According to the United Nations Desertification Report, around 2 billion people worldwide are at risk of desertification. As a result of desertification, 40% of arable land in North America has turned into desert. In the southern part of the Sahara, 650,000 square kilometers of land have been lost to desertification over the past 50 years. Approximately 70% of the world's wetlands are already affected by desertification, and 44 hectares of arable land and 20 hectares of forest are becoming decertified every minute, equivalent to 7 million hectares annually. In Bangladesh, signs of desertification are evident in the climate of the southern coastal areas and the northwest regions known as the Baranda Tract, including Naogaon, Rajshahi, and Chapainawabganj. According to a survey conducted by the Ministry of Water Resources in 2020, around 140 rivers in the country are either dead or dying. The main cause of land turning into desert is deforestation. Drought and desertification are hindering crop production, threatening food security. Experts believe that the water table is falling by an average of two to three feet per year depending on the location, and if this rate continues, the northern region of the country could completely turn into a desert within the next 20 to 25 years.

There is now more research than ever on heatwaves, droughts, and desertification. Several scientists and organizations are working on solutions to these problems. NASA's research shows that if the current drought situation continues, the intensity of drought worldwide will increase by about 50% by the end of the 21st century. A study conducted by the Center for Atmospheric Pollution Studies (CAPS) on 36 locations in Dhaka city found that the highest average temperature of 42 degrees Celsius in April 2024 was recorded in Uttara Sector-13, while the lowest average temperature was recorded in Nayapaltan at 37 degrees Celsius. This means there was a 5-degree Celsius difference in average temperature between Uttara Sector-13 and Nayapaltan areas due to the presence of fewer trees and wetlands. CAPS research also observed that areas with green presence have comparatively lower temperatures, and the commercial regions have higher temperatures due to the lack of vegetation and wetlands. The study also found that the average temperature in 2024 increased by approximately 4 degrees Celsius compared to the average temperature in 2017. Desertification is causing a temperature rise, and again this temperature rise is accelerating desertification and soil degradation.

The first step to controlling the increasing temperature, drought, and desertification is extensive tree planting and increasing afforestation activities. Trees help control temperature and maintain soil moisture. Along with ornamental plants on road dividers, various beneficial trees, such as fruit trees, medicinal plants, and timber trees, should be planted based on land type. Roof gardening should be increased. Tree cutting should be reduced to zero. A forest area directly reduces heat and carbon emissions. Special measures should be taken to conserve water. Rainwater harvesting and modern irrigation methods should be used. Encroached wetlands should be recovered, and the number of new reservoirs should be increased. No structures should be built by filling wetlands. Nature based solution should be prioritized instate of promoting dam, cordon and sluice gate. Necessary measures should be taken through policy change and law enforcement if needed. Drought-resistant crops should be cultivated using sustainable technologies and methods. Modern irrigation methods should be applied to conserve water. White paint (SRI) can be used on roads to control temperature. Adequate passenger shelters and emergency heat relief centers should be arranged. Population control is necessary, and the excess population should be reduced from urban areas by decentralizing the administrative activities. Burning plastic and other waste indiscriminately should be avoided, and plastic waste should be managed properly. The use of fossil fuels should be, and the use of renewable energy should be increased. Urban planning should be done considering the local geographical characteristics, natural environment, and public policies. Awareness should be created about the harmful effects of heatwaves and drought, and preventive measures should be encouraged. Weather forecasts and climate change information should be collected using modern technology. This will allow us to be prepared in advance. With our collective efforts, we can fight against the disasters of heatwaves, drought, and desertification. We must move forward on the path of sustainable development while maintaining harmony with nature.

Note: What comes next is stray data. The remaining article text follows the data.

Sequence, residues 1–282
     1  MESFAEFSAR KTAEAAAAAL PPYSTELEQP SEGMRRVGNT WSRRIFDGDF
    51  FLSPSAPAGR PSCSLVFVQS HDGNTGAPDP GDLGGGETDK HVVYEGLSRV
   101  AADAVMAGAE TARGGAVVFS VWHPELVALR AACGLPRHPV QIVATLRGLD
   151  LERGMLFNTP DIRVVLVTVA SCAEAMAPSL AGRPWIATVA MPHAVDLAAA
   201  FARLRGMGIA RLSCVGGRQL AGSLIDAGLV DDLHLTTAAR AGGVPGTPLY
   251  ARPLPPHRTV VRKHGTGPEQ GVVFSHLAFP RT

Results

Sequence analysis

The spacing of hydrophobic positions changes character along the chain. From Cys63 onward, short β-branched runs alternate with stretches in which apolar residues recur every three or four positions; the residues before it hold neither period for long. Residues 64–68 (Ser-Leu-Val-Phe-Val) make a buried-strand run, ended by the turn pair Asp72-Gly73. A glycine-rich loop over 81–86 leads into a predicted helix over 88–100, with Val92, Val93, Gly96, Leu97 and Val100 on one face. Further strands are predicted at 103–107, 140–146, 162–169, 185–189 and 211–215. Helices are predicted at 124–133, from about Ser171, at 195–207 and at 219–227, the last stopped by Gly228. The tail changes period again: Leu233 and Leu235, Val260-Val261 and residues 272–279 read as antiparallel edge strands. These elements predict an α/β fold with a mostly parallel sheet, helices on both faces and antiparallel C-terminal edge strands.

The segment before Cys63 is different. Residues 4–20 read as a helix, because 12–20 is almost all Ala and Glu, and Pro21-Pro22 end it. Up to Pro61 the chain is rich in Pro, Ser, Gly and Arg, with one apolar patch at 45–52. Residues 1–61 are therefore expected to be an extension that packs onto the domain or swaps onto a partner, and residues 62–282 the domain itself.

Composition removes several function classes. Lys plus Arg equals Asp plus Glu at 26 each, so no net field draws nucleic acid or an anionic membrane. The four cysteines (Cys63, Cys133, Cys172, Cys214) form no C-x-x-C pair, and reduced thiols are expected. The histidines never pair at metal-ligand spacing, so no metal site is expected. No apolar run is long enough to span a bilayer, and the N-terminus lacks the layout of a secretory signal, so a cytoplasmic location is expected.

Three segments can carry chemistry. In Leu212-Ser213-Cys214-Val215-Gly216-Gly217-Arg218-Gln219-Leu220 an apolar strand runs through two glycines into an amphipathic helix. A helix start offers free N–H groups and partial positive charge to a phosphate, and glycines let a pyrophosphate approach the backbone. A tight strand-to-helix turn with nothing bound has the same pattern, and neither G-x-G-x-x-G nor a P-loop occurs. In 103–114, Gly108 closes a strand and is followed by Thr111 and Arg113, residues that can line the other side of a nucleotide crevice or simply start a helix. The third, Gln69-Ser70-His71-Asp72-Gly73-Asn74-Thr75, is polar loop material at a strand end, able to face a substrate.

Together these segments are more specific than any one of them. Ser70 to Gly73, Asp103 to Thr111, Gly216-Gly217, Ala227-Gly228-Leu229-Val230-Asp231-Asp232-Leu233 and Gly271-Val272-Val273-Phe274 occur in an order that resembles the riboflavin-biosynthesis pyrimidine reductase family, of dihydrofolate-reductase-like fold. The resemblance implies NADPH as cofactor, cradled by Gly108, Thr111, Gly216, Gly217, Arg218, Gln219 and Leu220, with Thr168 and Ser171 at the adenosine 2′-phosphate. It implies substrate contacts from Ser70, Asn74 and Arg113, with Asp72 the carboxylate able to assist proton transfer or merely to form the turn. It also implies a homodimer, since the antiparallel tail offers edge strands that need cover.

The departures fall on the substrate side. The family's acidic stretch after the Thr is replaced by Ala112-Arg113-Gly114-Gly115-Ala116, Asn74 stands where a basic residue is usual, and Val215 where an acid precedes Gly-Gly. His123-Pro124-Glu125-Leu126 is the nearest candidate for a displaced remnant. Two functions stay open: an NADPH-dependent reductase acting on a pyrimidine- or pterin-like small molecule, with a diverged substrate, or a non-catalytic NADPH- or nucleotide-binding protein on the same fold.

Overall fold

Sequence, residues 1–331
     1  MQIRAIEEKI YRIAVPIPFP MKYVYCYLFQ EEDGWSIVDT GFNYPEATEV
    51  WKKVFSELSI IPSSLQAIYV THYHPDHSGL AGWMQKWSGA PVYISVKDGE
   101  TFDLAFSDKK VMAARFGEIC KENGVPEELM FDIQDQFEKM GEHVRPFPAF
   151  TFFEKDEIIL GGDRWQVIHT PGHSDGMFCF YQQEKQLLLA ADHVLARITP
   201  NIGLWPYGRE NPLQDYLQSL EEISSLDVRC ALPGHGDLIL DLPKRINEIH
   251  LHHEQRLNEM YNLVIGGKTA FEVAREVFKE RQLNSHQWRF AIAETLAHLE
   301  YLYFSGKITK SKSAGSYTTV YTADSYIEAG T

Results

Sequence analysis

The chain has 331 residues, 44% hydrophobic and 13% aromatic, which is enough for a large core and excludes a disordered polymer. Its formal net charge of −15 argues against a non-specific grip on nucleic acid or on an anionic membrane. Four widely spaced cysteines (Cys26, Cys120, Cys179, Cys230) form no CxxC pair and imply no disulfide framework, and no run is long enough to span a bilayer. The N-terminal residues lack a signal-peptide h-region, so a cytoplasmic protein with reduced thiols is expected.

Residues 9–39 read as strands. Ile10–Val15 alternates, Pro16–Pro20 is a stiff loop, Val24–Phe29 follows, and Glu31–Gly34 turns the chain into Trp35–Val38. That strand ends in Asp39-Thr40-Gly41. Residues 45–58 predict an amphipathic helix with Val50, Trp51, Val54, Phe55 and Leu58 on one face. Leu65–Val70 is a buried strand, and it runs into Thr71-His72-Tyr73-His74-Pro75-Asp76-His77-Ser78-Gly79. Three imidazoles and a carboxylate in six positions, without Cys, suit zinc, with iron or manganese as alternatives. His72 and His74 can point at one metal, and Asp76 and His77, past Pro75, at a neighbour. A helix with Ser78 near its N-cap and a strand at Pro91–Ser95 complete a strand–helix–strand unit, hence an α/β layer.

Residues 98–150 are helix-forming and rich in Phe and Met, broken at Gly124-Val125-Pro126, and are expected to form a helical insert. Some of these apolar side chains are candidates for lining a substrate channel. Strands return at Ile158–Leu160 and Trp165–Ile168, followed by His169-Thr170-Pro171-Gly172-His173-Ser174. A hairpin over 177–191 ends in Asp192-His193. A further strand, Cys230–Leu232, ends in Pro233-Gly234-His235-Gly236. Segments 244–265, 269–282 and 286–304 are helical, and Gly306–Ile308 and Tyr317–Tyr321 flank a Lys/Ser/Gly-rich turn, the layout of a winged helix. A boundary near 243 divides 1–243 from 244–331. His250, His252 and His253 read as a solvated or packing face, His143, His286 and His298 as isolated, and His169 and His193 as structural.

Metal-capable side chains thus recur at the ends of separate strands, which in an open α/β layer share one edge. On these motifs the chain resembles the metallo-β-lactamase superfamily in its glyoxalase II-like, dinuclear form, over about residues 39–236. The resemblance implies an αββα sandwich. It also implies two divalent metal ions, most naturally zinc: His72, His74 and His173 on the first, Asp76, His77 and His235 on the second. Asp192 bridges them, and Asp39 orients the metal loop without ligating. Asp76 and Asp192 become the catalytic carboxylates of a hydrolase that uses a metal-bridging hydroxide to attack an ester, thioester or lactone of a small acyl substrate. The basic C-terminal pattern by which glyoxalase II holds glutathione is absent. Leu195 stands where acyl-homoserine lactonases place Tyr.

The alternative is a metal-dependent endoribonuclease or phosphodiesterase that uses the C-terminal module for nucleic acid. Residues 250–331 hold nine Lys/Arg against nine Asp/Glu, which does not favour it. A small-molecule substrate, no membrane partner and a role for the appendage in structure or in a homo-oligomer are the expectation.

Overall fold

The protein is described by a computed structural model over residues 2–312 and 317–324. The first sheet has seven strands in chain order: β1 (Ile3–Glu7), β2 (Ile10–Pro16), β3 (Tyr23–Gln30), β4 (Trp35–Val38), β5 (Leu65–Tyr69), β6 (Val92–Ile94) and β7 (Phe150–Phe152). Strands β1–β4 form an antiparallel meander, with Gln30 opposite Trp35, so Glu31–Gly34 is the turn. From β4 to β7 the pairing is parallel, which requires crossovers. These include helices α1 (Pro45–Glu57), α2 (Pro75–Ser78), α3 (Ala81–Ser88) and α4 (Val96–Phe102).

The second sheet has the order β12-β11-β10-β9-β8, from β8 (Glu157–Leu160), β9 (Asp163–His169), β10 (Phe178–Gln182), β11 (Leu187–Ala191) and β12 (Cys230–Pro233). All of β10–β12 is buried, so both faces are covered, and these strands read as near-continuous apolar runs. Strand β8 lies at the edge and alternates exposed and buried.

Professor Dr. Ahmad Kamruzzaman Majumder, Dean, Faculty of Science, Professor, Dept. of Environmental Science, Stamford University Bangladesh, Joint Secretary, Bangladesh Poribesh Andolon (BAPA) and Chairman, Center for Atmospheric Pollution Studies (CAPS).